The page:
|Is Kool-Aid a solid or liquid?|
|Question Date: 2020-01-29|
If you have ever mixed up Kool-Aid before, you might remember the packet of Kool-Aid mix that you add to a large pitcher of water. The Kool-Aid mix by itself is a solid, made up of sugar, flavorings, and dyes to color it. When you add it to the water, this powdered mix seems to disappear. The Kool-Aid mix is dissolving in the water, meaning that the chunks of mix are breaking apart in the water and becoming individual molecules floating among the water molecules. Once the mix is dissolved, the entire pitcher (or, in scientific terms, the solution) is a liquid that is a mix of water and sugar/color/flavor molecules. We know it is a liquid because it takes the shape of the container it is placed in, and we can't make the same amount of it fit in a smaller container (meaning we cannot compress it). If we could look at the individual molecules, we would see water molecules and Kool-Aid molecules (meaning the sugar/flavor/color molecules) floating around very close to each other, bumping into each other and even forming weak bonds with each other. If we kept adding Kool-Aid mix to the solution, the water would keep dissolving the mix until it became saturated, or until it couldn't dissolve any more mix. When this happens, we would see particles of Kool-Aid mix floating around in the solution, in which case we would have a solid (the undissolved Kool-Aid mix) floating around in a liquid (the Kool-Aid + water solution).
You could try this for yourself at home with sugar and water, and watch as the sugar dissolves slowly in the water until the solution becomes too saturated with sugar.
Depending on how you are defining "Kool-Aid", it is either a solid or a liquid. Kool-Aid is typically sold as a dry powder (mostly sugar), which is a solid. (Actually, it is a mixture of several solids, each of the ingredients being a different component. ) However, Kool-Aid is not usually consumed dry; it is mixed with a liquid, such as water. Upon mixing, the powder dissolves and a solution is formed. This solution is also referred to as "Kool-Aid", just like the powder, but does not meet the criteria to be called a solid. This solution does meet the criteria for a liquid, so one might consider (mixed) Kool-Aid to be a liquid.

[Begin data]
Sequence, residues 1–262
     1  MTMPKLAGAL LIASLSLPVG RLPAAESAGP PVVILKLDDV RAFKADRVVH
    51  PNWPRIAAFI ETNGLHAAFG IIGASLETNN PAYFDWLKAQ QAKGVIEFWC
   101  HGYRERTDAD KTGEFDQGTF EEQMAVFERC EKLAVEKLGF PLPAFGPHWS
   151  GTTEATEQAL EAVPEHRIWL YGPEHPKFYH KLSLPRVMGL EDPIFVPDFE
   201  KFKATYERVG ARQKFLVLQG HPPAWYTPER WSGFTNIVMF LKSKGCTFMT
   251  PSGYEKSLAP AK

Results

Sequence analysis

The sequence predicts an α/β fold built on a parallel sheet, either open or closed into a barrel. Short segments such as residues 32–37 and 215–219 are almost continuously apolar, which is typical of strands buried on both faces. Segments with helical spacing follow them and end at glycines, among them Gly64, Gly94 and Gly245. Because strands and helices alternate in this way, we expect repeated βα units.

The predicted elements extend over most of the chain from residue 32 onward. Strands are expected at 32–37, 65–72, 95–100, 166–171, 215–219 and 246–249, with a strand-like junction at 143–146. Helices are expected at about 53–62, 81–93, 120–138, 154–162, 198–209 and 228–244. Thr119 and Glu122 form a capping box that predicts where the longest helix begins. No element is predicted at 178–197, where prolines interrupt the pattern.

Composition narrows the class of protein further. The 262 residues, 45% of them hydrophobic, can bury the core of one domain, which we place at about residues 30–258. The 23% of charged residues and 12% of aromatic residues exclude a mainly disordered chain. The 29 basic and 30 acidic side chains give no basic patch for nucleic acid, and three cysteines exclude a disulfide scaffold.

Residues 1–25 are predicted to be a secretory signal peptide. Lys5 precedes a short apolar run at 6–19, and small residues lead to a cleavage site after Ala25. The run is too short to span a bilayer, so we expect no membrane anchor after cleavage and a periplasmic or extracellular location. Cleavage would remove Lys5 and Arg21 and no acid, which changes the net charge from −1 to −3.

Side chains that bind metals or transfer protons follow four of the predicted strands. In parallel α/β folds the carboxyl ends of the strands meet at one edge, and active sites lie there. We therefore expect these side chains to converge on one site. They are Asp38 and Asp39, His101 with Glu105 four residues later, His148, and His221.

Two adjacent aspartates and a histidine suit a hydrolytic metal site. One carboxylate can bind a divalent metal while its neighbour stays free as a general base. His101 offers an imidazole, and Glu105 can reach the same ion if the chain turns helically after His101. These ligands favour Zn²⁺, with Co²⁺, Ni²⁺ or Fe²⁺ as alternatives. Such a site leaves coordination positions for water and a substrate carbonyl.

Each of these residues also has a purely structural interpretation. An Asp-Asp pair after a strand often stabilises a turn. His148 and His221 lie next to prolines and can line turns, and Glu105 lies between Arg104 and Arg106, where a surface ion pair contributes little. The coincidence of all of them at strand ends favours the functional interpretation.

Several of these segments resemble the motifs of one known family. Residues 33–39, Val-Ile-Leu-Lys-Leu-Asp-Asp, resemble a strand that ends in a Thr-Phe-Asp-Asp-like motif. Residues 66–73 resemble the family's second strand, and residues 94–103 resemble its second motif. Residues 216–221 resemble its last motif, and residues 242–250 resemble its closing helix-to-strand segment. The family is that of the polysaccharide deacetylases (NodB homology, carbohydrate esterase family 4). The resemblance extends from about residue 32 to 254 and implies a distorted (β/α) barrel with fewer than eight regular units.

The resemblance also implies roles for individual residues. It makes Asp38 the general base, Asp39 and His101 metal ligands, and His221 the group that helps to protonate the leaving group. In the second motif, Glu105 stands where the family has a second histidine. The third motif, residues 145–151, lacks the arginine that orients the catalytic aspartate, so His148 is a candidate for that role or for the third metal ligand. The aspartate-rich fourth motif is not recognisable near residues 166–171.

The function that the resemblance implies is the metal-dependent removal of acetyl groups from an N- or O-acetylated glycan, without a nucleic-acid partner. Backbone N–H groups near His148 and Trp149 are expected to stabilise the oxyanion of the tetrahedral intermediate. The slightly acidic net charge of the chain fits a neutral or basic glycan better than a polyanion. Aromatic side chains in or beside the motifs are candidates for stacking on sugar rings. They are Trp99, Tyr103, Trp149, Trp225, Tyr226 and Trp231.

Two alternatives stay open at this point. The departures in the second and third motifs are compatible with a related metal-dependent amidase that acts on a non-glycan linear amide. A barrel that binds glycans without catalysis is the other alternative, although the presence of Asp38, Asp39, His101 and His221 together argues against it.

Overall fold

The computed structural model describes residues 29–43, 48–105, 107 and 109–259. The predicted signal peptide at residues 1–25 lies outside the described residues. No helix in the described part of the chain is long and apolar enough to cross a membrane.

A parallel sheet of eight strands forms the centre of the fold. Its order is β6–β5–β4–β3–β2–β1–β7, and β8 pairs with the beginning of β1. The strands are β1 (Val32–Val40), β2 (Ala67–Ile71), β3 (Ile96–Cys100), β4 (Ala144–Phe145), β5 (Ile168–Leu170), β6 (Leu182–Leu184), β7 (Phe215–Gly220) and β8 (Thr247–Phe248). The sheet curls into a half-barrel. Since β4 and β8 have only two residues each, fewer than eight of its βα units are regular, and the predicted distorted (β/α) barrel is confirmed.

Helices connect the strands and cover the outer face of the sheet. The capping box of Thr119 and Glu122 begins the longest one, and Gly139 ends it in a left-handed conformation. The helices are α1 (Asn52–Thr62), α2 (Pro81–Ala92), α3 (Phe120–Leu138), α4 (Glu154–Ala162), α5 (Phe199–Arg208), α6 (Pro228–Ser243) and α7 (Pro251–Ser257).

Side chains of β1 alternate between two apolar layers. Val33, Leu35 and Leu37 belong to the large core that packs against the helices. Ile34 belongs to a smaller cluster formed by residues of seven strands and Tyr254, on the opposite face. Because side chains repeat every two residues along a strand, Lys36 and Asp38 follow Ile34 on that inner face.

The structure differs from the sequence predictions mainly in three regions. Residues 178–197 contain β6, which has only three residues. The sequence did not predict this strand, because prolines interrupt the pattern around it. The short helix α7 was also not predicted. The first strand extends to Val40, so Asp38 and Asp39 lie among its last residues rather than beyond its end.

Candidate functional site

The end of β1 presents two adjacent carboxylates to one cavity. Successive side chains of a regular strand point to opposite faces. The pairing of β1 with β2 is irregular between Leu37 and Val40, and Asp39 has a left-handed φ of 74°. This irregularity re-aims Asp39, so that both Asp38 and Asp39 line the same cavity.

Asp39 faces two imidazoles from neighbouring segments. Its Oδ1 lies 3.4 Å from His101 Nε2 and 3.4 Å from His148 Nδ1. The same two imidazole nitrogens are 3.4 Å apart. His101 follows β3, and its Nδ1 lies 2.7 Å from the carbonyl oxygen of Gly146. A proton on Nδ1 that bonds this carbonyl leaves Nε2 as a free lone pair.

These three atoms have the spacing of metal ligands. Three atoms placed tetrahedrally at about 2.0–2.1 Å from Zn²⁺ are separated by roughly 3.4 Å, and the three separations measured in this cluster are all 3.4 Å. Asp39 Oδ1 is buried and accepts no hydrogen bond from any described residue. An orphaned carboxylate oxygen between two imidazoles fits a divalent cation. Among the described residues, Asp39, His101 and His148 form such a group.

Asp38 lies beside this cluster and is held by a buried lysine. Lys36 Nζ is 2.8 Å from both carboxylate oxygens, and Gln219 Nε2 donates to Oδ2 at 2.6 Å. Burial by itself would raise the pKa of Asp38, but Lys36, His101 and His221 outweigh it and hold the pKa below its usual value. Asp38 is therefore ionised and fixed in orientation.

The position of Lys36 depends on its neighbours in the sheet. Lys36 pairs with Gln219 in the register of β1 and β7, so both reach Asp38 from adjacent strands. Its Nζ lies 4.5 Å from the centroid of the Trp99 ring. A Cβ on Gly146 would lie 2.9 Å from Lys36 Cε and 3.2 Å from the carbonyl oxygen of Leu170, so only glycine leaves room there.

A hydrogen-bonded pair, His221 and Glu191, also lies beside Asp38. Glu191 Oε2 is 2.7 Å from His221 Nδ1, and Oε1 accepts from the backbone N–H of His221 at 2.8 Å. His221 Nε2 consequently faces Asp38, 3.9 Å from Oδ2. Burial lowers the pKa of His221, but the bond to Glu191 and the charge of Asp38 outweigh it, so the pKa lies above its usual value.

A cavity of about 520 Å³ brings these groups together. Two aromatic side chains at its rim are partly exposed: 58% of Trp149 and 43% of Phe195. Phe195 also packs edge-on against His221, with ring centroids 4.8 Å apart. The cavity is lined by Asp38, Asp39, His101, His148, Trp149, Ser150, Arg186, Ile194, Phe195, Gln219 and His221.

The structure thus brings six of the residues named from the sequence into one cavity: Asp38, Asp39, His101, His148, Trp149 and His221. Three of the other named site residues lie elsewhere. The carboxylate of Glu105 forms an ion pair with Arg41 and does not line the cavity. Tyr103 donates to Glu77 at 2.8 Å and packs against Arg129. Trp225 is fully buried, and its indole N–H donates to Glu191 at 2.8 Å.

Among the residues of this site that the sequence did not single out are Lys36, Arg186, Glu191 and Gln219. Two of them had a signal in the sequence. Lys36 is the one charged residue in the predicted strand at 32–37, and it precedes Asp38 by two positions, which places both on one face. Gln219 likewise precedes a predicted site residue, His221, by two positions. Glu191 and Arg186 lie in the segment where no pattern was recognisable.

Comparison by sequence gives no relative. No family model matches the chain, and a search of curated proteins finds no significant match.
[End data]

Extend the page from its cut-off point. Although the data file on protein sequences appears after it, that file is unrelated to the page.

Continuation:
[On a semi-related note, readers of this topic may be interested in this ScienceLine question about Jello being a mixture or a solution.]
Kool-Aid is usually purchased as a powder, and then dissolved in water. This means it is a "solution."
A solution is a liquid (usually water) that has other things dissolved in it (like sugar or salt.) In fact, most beverages are solutions! So Kool-Aid powder is a solid, but when you dissolve it in liquid water, the resulting colorful drink is considered a liquid solution.
That depends if you’re planning on consuming the Kool-Aid! When Kool-Aid was invented in 1927 by some dude named Edwin Perkins, it was sold as a powder because it was marketed as a super-concentrated drink mix. One packet promised 10 glasses of soft drink for 10 cents!
Kool-Aid was based on a concentrated soft drink liquid called Fruit Smack. However, liquids are pretty heavy, and heavier things cost more to ship. So Perkins removed the liquid from Fruit Smack, leaving only the lightweight, solid powder which he named Kool-Aid. The lighter weight meant you could sell more for cheaper.
So are you just taking it straight from the packet? Then Kool-Aid is a powdery solid.
Are you drinking it? Then the powder is dissolved by water molecules, forming a solution. A solution is a uniform mixture of substances. This is like adding sugar to tea. The sugar is dissolved by the tea, so you end up with pretty uniformly sweet tea, which is a liquid.
Are you straight up eating it without dissolving it in water first? Then the powder is dissolved by saliva, forming another liquid solution.
Kool-Aid powder is a solid. When you add it to water to make the drink called 'Kool-Aid,' the drink is a liquid.
Before Kool-Aid is put into water and dissolves, it is a powder, and therefore a solid. Here, we're not using the word "solid" to mean "a chunk of something", like a Lego piece or an eraser. We're using the word "solid" as one of the four states of matter: solid, liquid, gas, and plasma. After the Kool-Aid powder dissolves, it is then part of a liquid. Here, the word "liquid" doesn't have to just mean "water", but anything that can flow (like milk).
Kook-aid in the box is a powder composed of tiny crystals (a solid). However, when you drink it, you first dissolve the crystals in water (a liquid). Thus, whether it is a liquid or a solid depends on whether you're about to drink it or not.
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